The first stage of Leighton's journey, depending on where he intended to go, was a carriage ride to one of London's train stations or port. Dover was the main port for trips to Paris and mainland Europe via Calais. Journeys to the Mediterannean and Middle East left from either London or Southampton, stopping at Lisbon, Gibraltar, Malta and finally Alexandria in Egypt. No mention is made in his letters of servants accompanying him on his trips to assist with luggage as was the norm in most households. It is probable that employees of carriage, rail and steamship companies carried out this work in the absence of personal servants. Although steamship had revolutionised sea travel making it quicker, more comfortable and not dependent on weather conditions, as had been the case with sailboats, Leighton still wrote in 1867 'I am a poor sailor at best'. Sea-sickness was obviously a problem for him as was health in general for nineteenth-century travellers. Writing to his father from Granada in October 1877 he explained 'I have been rather seedy (am all right now), not very, but enough to poison my pleasure; after two or three little amateur attempts (local apothecary, fellow-travellers, etc,) I thought it right (at Gibraltar) to see a doctor, not because I was ill but lest I should get worse and develop more serious symptoms, as internal disturbance occasionally does in hot countries. In a few days (and two large bottles of physic) I was much better, and am now, I repeat, quite 'myself' again'.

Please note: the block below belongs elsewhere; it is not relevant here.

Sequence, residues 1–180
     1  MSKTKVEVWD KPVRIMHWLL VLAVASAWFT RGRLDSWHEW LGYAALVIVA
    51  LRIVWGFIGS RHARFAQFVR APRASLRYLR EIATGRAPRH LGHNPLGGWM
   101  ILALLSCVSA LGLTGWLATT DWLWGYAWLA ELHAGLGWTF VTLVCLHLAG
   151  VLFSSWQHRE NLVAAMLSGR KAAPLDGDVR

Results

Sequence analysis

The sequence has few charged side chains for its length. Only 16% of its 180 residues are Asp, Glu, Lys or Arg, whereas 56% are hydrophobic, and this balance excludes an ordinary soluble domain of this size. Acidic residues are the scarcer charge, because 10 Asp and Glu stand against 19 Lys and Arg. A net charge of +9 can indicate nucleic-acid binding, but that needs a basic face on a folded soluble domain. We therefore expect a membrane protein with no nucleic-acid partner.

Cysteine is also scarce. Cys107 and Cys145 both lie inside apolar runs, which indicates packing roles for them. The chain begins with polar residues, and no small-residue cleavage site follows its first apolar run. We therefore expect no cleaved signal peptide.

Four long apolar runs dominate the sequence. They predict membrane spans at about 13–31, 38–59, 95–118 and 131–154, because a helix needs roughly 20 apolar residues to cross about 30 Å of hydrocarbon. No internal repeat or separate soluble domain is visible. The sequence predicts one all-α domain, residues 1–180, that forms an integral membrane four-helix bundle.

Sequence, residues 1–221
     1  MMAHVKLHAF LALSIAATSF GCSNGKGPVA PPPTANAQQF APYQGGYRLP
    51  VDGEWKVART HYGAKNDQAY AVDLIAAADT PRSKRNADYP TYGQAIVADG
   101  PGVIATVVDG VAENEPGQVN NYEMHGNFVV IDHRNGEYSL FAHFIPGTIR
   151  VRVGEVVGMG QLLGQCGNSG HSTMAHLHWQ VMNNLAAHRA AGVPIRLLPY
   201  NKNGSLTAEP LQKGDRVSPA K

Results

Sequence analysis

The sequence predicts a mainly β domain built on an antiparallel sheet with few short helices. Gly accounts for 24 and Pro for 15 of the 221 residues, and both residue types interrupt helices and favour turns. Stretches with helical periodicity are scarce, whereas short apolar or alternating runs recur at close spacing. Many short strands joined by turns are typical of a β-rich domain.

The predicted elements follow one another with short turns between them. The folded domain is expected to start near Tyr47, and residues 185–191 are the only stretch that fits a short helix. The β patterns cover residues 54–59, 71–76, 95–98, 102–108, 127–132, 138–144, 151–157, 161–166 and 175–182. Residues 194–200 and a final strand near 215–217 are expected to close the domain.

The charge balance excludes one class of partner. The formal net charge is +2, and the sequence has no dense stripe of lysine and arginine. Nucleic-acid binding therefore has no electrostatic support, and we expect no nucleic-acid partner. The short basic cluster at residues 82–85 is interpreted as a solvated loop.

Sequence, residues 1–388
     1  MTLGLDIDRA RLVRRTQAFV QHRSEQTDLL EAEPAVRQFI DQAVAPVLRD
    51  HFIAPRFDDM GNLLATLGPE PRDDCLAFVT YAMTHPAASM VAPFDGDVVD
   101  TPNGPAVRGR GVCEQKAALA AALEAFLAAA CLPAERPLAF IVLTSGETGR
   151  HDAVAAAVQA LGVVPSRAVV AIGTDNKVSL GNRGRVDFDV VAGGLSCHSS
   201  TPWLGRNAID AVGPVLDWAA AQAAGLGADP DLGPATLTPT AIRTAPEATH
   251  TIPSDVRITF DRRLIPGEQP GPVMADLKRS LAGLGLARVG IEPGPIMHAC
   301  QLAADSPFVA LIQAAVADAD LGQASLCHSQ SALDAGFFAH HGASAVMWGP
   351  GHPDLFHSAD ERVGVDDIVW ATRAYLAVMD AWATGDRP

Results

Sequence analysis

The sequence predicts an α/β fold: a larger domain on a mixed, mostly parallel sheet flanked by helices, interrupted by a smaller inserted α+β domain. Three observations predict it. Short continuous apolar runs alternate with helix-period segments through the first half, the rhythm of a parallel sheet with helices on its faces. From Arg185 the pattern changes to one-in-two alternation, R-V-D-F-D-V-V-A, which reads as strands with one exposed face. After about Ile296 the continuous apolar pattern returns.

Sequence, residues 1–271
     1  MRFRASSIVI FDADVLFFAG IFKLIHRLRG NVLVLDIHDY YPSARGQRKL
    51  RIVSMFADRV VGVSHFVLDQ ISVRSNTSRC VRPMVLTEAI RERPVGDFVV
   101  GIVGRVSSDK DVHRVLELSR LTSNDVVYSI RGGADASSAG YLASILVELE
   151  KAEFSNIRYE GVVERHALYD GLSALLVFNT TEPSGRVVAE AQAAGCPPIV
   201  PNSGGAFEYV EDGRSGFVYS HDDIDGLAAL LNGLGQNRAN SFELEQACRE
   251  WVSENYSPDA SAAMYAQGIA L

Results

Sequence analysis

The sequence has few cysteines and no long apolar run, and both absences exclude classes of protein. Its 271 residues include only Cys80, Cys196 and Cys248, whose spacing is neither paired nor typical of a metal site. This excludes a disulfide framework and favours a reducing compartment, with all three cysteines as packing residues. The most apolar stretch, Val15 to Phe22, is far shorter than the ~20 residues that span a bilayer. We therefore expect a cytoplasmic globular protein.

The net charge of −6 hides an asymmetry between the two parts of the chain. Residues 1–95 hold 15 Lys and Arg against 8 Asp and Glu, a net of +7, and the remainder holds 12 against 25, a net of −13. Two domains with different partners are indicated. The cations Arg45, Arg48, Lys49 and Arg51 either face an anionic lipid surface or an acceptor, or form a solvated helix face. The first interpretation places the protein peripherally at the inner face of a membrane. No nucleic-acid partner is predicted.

Letters to his father in 1873 also gives insightful information on his eastern travels: